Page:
Saturday, February 28, 2015

How are the Bruins and Celtics in the Same Boat?

The absence of David Krejci likely won't help the Bruins' 23rd ranked offense or 22nd ranked power play, but the recent addition of diminutive Isaiah Thomas has helped the Celtics close out a pair of key games late.
 By Andy Dougherty (@AndyDougherty10)

Before the start of the NHL and NBA seasons, experts predicted the Boston Bruins to be championship contenders and the Boston Celtics to be a doormat. About 70% of the way through, their seasons have played out more similarly than anyone expected.

The Bruins are clinging to the final Eastern Conference wild card spot while the Celtics find themselves just percentage points behind the Pacers in what is practically a tie for the final playoff spot in their Eastern Conference. Additionally, the Celtics actually have more room to climb the standings than the Bruins. They are just 1.5 games behind the 7th-seeded Miami Heat, while the Bruins are 7 points (or the equivalent of 3.5 games) behind the next highest team in the standings, the Washington Capitals.

How did this happen?

First of all, the NBA’s Eastern Conference is miserable. 9 of the 15 teams in the conference are 25-32 or worse. At 23-33, the undersized Celtics aren’t a great team, but they have managed to scrap out some wins and stay relevant after trading star point guard Rajon Rondo and leading scorer Jeff Green. Finally adjusting to new personnel, they are playing as well now as they have all year.

Meanwhile, the Bruins have struggled with adversity this year. They lost captain Zdeno Chara for 19 games, mostly because of a torn ligament in his knee. One of their most productive forwards, David Krejci, is on long-term injured reserve with a partially torn MCL. Players haven’t stepped up to fill the voids.

The Bruins only rank 13th in goals allowed this year after being consistently elite in that category since 2008. They rank 23rd in goals scored, and their leading goal scorers, Patrice Bergeron and Brad Marchand, each have 17 goals. 71 other players in the league have scored 17 goals or more.

Celtics Outlook

Once Rondo and Green departed, Jared Sullinger took over as the Celtics’ leading scorer, averaging a whopping 14.4 points per game. Sullinger will miss the remainder of the season with a stress fracture in his foot, so now the Celtics will turn to recent acquisition Isaiah Thomas, a 5’9” point guard. Thomas has averaged 22.3 points per game since joining the Celtics. He provides a spark that gives the Celtics a chance to compete going forward.

The Celtics are one of five teams within one game of 8th place in the East. No. 8 Indiana simply hopes to tread water until two-time All-Star Paul George returns from a horrific leg injury, which will give the Pacers a significant advantage over the other teams in the race. He should return by mid-March for the final month of the season. The Celtics are 10th while No. 9 Charlotte, No. 11 Brooklyn, and No. 12 Detroit will try to muster all they can with their comparably lackluster rosters.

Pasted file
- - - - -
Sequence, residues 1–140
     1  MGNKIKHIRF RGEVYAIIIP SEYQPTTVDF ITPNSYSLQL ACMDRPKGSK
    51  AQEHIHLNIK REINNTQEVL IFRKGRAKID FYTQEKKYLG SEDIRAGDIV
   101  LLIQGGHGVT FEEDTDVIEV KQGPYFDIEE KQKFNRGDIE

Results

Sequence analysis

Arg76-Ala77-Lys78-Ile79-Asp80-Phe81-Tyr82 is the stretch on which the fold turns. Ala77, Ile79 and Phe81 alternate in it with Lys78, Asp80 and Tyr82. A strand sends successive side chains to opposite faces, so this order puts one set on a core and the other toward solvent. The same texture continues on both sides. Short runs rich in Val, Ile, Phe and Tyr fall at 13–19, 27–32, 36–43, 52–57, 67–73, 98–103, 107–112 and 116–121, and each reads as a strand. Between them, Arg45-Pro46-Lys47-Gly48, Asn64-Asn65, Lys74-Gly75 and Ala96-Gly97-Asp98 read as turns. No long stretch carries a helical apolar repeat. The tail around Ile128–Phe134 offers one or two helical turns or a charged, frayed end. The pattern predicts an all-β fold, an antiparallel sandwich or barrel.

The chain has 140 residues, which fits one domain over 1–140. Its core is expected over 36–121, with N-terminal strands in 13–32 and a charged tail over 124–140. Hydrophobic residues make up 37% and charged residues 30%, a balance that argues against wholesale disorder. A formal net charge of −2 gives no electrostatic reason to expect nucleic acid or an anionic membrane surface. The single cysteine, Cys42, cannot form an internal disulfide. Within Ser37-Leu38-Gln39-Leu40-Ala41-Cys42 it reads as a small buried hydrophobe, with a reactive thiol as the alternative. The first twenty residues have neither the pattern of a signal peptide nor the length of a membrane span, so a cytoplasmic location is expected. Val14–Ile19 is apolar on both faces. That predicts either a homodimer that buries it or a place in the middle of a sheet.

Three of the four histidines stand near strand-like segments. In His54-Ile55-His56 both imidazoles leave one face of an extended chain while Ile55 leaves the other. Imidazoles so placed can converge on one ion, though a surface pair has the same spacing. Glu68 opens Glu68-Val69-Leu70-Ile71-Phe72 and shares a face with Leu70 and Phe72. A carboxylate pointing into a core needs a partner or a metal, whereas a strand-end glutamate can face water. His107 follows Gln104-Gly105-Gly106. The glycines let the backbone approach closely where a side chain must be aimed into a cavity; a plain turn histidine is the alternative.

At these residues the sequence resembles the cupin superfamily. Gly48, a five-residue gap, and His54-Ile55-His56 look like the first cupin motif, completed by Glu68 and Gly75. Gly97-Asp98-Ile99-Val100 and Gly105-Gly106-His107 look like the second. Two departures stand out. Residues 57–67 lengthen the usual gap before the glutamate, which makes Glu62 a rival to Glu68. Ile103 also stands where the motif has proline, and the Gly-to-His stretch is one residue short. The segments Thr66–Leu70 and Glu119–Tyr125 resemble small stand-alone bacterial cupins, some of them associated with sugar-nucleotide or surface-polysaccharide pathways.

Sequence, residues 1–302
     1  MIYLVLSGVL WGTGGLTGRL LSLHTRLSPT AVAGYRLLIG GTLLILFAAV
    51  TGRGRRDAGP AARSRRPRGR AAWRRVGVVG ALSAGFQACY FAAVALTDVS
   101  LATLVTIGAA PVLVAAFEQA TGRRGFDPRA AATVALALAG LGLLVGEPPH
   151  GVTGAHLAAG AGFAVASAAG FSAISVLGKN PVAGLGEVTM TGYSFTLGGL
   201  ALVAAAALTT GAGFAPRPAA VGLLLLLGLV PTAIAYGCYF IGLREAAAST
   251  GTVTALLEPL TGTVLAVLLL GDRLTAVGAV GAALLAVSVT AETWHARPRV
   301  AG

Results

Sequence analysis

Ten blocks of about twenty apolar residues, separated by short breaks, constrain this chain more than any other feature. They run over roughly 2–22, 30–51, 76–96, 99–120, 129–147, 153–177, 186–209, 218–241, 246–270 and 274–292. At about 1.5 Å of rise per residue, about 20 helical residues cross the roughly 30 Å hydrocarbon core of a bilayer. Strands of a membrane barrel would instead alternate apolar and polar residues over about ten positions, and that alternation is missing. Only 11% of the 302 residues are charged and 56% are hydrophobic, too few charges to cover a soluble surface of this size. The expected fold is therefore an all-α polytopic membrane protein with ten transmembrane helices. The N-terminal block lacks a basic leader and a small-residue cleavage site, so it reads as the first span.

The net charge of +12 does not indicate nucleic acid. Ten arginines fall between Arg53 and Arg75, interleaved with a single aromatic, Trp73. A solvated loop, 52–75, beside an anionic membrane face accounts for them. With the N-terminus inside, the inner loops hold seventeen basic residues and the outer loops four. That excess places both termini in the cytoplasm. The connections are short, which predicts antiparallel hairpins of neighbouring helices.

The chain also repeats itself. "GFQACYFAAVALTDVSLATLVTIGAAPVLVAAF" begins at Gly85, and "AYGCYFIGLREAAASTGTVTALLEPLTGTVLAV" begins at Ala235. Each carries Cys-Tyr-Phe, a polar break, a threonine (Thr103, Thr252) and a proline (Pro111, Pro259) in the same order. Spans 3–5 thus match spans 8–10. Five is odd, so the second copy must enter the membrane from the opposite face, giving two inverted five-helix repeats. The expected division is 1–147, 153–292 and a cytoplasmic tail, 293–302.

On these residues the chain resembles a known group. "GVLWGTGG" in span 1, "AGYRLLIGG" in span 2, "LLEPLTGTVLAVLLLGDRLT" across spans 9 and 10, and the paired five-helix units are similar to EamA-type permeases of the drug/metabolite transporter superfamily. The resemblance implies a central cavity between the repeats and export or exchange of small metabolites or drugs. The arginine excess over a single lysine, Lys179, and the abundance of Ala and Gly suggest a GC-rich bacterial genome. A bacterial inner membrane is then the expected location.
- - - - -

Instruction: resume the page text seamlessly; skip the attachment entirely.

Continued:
The Celtics will be underdogs to reach the postseason, but it is a testament to Brad Stevens’ coaching that they are even in playoff position. If they can build on their current winning streak to gain ground on the Pacers over the next few weeks, they will have a realistic chance, even with a winning percentage hovering in the low 40s.

Bruins Outlook

The Bruins have a slightly better chance to reach the playoffs than the Celtics. They already hold a playoff spot, and they simply have a more talented team. But the Florida Panthers are only four points behind the Bruins, and they recently acquired future Hall of Famer Jaromir Jagr for the playoff push. The Philadelphia Flyers and surging Ottawa Senators are also in contention for a spot, but the Bruins are in the driver’s seat. A statement 6-2 win against the Chicago Blackhawks last weekend showed that the Bruins are still capable of championship-caliber hockey.

Chances in the Playoffs

So the Bruins and Celtics have fairly similar chances to qualify for the playoffs. But if they do qualify by the skin of their teeth, will they have a chance? For the Celtics, the answer is probably no. They did beat the No. 1 Atlanta Hawks earlier this month, but sustaining that level over the course of a series would be a tall order. They could have opportunities to beat No. 2 Toronto, but by the end of the season, the Cleveland Cavaliers will probably surpass the struggling Raptors. If Isaiah Thomas, Avery Bradley, and Kelly Olynyk can outduel LeBron James, Kyrie Irving and Kevin Love, that might be the biggest upset in NBA history.

The Bruins won’t need a gigantic upset to make a playoff run. If David Krejci returns to full health by the end of the regular season, the Bruins will be legitimate contenders regardless of their seeding. They will likely stay right where they are in the standings and face the top seed in the first round. But there is a logjam at the top of the conference with a number of talented, but beatable, teams vying for the No. 1 seed. Upsets have also been historically more common in the NHL than the NBA.

Anything can happen come playoff time, so the Bruins just want to get there. The Celtics just want to get there too, even though there’s a limit to what can happen with them. It will still be fun watching the scrappy Celtics make a push, and hopefully watching the Bruins return to top form.

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